I wanted to share with you why I believe in home staging….and what service I offer my clients. Home staging is when an individual hires a design company to bring in furniture, artwork, dishes, etc, and make a home for sale look lived in and updated. It gives buyers a feel for the size of the room and the layout of the house. It makes a cold, empty, sad home look warm and inviting. I believe that visiting a home should be treated as an experience. That sounds ridiculous now that I wrote that down, but really, a home visit should comfortable capture all of your senses….sight, sound, and smell in particular. You have one shot to impress. It’s like an interview. And it’s best to prepare.
A while back, I was working quite a bit with investor clients who were purchasing homes to flip and sell. There’s a BIG difference between a vacant home and a staged home. That’s where I come in. I gathered pieces bit by bit and created a collection of staging décor that I constantly update over time. I just recently added to my collection with new pieces to match the home I’m staging and what’s currently in style. I sat on my living room floor building dressers and end tables and had way too much fun doing so.
While a staged home may cost a seller or agent over $2,500 or so for a four to six week span, it’s a service I include my sellers at no additional cost other than the commission they agree to hire me at to sell their home. I use my own set of staging furniture & decor to prepare the home for sale. I can also consult with my sellers and use the clients’ own furniture, or a combination of both, to prepare their home for sale, if they are planning on staying in the home during the listing period.
Here’s an example of my staged listing that just went live yesterday…
How can you stage your own house? Walking through brand new model homes is a great way to get a feel for what a clean/staged home ‘should’ look like. Or have your most critical friend come over and tell you what to pack up. Or….keep reading….
- Always have a new welcome mat. There’s nothing more off putting than a dingy, dirty welcome mat to kick off your home visit
. What you see when you first enter a home will put you in a mood, and you want it to be a good one. They’re $20 bucks friends. Splurge.
- Air fresheners….on LOW. My preference is the Glade brand of plugins because they are refillable – the clean linen scent. (Careful with the icky sweet cookie ones…sounds like a good idea because you’ve always been told to bake cookies….danger Will Robinson.) The key is not to kill the buyers with air freshener. The lowest setting possible is sufficient. Go easy there, essential oil lover…no need to make us want to leave the home the moment we enter. I put two downstairs on opposite sides of the home and we’re good to go. Smells good but not overpowering.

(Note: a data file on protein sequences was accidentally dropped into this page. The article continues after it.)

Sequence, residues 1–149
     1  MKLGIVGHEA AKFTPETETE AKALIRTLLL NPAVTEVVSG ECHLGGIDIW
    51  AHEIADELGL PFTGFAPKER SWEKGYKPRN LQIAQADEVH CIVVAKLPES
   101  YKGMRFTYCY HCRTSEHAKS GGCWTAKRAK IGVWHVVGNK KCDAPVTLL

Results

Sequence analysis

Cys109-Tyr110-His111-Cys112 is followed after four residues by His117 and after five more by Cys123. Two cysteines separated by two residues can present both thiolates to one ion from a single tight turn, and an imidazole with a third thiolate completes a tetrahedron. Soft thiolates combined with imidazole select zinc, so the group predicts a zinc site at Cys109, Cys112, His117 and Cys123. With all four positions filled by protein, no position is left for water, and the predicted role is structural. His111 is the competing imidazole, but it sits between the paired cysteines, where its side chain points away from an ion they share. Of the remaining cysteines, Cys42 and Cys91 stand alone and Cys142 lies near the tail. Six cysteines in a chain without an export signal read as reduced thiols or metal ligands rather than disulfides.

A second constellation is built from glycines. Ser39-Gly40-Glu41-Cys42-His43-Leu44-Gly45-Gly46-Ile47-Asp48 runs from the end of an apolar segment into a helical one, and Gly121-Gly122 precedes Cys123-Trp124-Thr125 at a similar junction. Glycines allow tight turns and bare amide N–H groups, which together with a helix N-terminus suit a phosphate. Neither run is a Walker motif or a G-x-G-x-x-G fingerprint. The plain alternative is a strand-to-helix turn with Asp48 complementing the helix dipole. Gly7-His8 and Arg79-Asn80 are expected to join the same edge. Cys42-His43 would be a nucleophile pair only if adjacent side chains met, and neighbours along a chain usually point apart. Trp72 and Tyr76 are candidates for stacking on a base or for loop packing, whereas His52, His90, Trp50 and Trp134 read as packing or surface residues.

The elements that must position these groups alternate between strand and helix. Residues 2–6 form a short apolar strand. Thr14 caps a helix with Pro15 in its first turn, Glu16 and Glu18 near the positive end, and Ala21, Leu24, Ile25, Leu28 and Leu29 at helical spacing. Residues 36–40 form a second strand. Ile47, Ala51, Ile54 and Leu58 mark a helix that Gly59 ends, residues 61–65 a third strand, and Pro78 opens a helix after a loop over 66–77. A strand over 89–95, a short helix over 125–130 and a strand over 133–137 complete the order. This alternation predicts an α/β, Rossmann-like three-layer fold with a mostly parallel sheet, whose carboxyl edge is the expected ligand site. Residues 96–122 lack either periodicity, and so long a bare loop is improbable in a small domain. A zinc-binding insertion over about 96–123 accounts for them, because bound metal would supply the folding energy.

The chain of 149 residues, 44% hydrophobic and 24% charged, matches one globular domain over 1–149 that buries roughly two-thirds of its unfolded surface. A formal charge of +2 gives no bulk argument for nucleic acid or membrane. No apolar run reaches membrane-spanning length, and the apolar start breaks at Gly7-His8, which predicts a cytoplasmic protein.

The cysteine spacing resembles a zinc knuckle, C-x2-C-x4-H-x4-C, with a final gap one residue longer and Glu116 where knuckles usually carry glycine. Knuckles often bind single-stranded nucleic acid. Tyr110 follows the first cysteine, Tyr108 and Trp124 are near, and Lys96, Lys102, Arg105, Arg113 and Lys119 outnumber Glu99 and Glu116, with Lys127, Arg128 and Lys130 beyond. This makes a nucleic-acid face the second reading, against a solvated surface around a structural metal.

- Keep your artwork at eye level. Growing up, my mom was always telling us to hang artwork lower…now lower….still lower… It’s often lower than what comes natural to most people, and it stuck with me til this day. You shouldn’t have to lift your chin to look at the focal point of artwork. Your head and neck’s natural resting position (for an adult) should be staring into the middle of the frame or canvas without raising your head.
- Keep it PG and neutral. For the sake of this argument, let’s just say I’ve seen some pretty risqué décor over my last few years. Really? Yes. You think someone’s going to love your naked lady motorcycle poster? Well, they’re not. This client probably is not going to be the prime candidate for staging, but nevertheless, neutralize your home of politics, religion, and anything not PG or G rated. If you lose just one buyer over the bumper sticker you have on your fridge, or the artwork in your bedroom, then you’re probably losing others as well. A good agent will help you swap it out with something neutral at no cost that you can live with for 30 days.
- No cropped curtains. It’s like flooded pant legs that are too short. For some reason they just drive me nuts. Long and tall friends, long and tall. Just about the ground…or even sitting on the ground a bit if you like that….but please don’t stop them short. I know curtains are expensive – way too expensive IMHO, but remove them if they are short and fill the holes. Tall curtains look the room look larger, which is important for a small house/room.
- Remove the clutter and de-personalize. Even I stop to look at personal photos when they are in someone’s home to see if I know them or to simply be nosy. Best to remove the 800 magnets on your fridge and pair down the non-essentials. Remove most if not all of your personal photos. Start boxing things up – you’re moving anyways, so why not get a head start. Closets overstuffed? Box it up. Book cases full? Box it up. Putting things in boxes and storing them in your garage during your listing is fine – buyers expect it. The more horizontal surfaces you can see (think countertops, table tops, etc) the larger your room will feel.
- Clean. This should be an obvious one, but trust me when I tell you it’s not. Clean your house really well or hire someone to do it who knows what they’re doing. A professional cleaning goes a LONG way. Dirty houses lose buyers.
Thanks for reading this far….hope this helps some….if not, hire me and I’ll help you out! 🙂 Have a great day, and an even better evening…